A new tax law imposes much more restrictive rules on deferred compensation. But testament to how popular such compensation has become, attorneys do not expect companies to use it any less.
The legislation, passed as part of the American Jobs Creation Act of 2004, changes the way the Internal Revenue Service treats deferred compensation and taxes it, explains Susan Serota, a partner at Pillsbury Winthrop Shaw Pittman LLP. The biggest change is that employees must decide whether they want to defer receiving their bonus a year prior to earning it. They must also decide when they want to be paid. The new law kicks in this January.
The rule puts executives in a strange position. They must make those important decisions about their bonus before they even know how large or small it will be. The size of a bonus isn't usually known until the end of the year - and it's not actually paid until a few months later. So employees might be making that deferment decision in December 2004 on a bonus they're not going to receive until 2006, says Serota .
Performance-based bonuses are treated a little differently. In those instances, the decision on whether or not to defer may be made six months prior to the end of the period in which the bonus is earned. That is, if the firm makes calendar year performance-based bonuses - and most Wall Street firms do - employees can decide whether or not to defer their 2005 bonus as late as June 2005.
"There are many more restrictions on deferred compensation," Serota says.
Another restriction is that certain employees with bonuses that pay out when they leave the firm will find they have to wait six months before receiving their money. That rule applies only to public companies and their "key" employees, where "key" generally means the 50 highest paid people at the firm.
For instance, an employee might elect to defer payment of their bonus until January 1, 2009, but the company would likely put in an override that states the bonus will be paid out if the employee leaves. Under the new law, the employee would not receive that money until six months after they had left the firm.
Previously employees could elect to defer their bonus and then change their minds, with the result that they'd have to take a 10% cut on that bonus. Now, it's only under very special circumstances that the company can pay an employee their bonus earlier than they had elected to receive it.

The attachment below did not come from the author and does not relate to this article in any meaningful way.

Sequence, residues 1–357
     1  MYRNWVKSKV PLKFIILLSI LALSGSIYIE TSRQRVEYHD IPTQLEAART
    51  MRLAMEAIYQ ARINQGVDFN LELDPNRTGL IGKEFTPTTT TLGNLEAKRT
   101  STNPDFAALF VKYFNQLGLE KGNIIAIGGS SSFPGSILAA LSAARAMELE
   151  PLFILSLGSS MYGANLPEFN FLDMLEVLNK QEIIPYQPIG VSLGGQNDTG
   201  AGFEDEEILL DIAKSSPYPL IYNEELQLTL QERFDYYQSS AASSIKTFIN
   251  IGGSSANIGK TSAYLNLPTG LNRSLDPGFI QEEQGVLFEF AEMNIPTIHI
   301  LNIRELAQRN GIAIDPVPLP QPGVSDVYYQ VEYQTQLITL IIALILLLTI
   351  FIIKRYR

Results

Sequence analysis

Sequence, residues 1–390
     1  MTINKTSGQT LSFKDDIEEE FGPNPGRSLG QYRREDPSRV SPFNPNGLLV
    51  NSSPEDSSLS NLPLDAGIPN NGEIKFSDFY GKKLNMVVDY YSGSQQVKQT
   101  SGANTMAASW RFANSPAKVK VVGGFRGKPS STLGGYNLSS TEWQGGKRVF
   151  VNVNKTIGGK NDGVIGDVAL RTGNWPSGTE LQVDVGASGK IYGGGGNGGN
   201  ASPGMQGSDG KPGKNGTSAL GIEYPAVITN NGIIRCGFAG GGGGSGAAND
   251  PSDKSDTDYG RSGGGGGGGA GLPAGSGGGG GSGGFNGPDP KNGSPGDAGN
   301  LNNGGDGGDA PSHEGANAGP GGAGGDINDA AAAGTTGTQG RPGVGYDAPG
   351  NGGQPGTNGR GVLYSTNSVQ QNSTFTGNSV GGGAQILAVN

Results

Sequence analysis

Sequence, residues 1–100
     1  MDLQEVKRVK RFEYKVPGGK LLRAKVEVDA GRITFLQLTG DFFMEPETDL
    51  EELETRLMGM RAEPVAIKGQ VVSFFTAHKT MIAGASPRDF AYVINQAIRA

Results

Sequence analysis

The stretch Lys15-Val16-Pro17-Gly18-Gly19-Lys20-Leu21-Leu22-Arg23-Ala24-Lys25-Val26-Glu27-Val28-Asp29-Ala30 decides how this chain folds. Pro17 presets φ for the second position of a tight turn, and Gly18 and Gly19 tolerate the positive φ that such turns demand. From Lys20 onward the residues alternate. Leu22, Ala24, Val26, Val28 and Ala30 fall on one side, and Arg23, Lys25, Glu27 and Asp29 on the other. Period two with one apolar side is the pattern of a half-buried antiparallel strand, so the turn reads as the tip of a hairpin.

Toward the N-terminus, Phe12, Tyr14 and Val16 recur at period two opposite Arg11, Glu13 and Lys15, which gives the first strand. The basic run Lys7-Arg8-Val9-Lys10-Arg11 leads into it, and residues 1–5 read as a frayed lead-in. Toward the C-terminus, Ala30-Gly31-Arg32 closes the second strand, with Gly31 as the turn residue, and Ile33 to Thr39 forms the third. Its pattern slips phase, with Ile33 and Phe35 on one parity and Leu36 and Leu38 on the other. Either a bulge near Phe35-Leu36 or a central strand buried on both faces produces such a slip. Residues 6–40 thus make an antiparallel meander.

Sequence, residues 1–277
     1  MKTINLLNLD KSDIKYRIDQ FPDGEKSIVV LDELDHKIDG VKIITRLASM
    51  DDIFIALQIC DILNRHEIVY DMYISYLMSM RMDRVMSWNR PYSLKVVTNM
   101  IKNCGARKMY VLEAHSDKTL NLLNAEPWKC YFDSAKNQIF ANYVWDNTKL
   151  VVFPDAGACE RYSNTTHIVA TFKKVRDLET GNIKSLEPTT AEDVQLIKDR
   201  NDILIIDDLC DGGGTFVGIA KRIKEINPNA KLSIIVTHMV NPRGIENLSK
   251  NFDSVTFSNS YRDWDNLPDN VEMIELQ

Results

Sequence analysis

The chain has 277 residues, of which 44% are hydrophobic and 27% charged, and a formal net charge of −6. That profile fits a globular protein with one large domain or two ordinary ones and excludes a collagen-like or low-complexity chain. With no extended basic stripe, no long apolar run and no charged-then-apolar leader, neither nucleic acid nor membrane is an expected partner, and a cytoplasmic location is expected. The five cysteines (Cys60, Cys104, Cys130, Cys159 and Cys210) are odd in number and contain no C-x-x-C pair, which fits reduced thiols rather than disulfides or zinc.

According to Serota, the new rules were prompted by the Enron and Worldcom bankruptcies, which highlighted certain abuses by executives.
"Executives were able to receive their deferred compensation before the companies went bankrupt while the rest of the employees saw theirs tied up in much more restrictive tax-qualified plans," Serota says. "Congress decided to cure this by putting deferred compensation into a very restricted regime."
She adds, "Most firms will comply because most employees want to defer. They will come within the new regime."
This year is considered a transition year, with the IRS and Treasury Department expected to give companies more guidance on how to handle and interpret the new law, says Serota. "I don't think it will reduce deferred compensation, especially on Wall Street, where there is such a desire to defer. But the arrangements will be much more limited and less flexible"
Michael Segal, a partner with Paul, Weiss, Rifkind, Wharton & Garrison LLP, quoted a friend describing the government's actions: "They used a rocket to kill a rodent."
"In other words, they went overboard. The average guy will have to make an election on when to defer his bonus some 15 months before he knows what he's going to be getting, says Segal.
"In the past, Wall Street firms let people make that election much later in the year. You could have elected whether or not to defer your 2005 bonus in September, October, even November of 2005 - though it still had to be within the year the bonus was earned," Segal says. "Under the new law, that election would have to be made in 2004. People must decide how much to defer or put away and how much to take now before they have a clue on how much they're going to earn."
While employees who are paid performance-based bonuses can wait a little longer before deciding, the government is yet to clarify what they mean by "performance-based," Segal says.
If they mean bonuses in which the amount fluctuates according to performance, then most Wall Street employees are covered. If they mean bonuses that are calculated according to some specific formula, then Wall Street employees are not likely to be covered. "We're waiting for further guidance from Treasury on what is considered performance-based," says Segal.